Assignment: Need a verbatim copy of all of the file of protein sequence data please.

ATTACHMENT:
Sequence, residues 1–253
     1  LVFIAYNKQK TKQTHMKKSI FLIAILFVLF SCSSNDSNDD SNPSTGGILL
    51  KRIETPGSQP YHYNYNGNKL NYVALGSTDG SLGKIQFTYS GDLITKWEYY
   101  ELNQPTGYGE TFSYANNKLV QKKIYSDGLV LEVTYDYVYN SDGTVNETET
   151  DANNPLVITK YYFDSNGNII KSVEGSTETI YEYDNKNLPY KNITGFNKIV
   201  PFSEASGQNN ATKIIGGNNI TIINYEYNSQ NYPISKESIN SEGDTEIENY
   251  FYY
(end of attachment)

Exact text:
Sequence, residues 1–253
     1  LVFIAYNKQK TKQTHMKKSI FLIAILFVLF SCSSNDSNDD SNPSTGGILL
    51  KRIETPGSQP YHYNYNGNKL NYVALGSTDG SLGKIQFTYS GDLITKWEYY
   101  ELNQPTGYGE TFSYANNKLV QKKIYSDGLV LEVTYDYVYN SDGTVNETET
   151  DANNPLVITK YYFDSNGNII KSVEGSTETI YEYDNKNLPY KNITGFNKIV
   201  PFSEASGQNN ATKIIGGNNI TIINYEYNSQ NYPISKESIN SEGDTEIENY
   251  FYY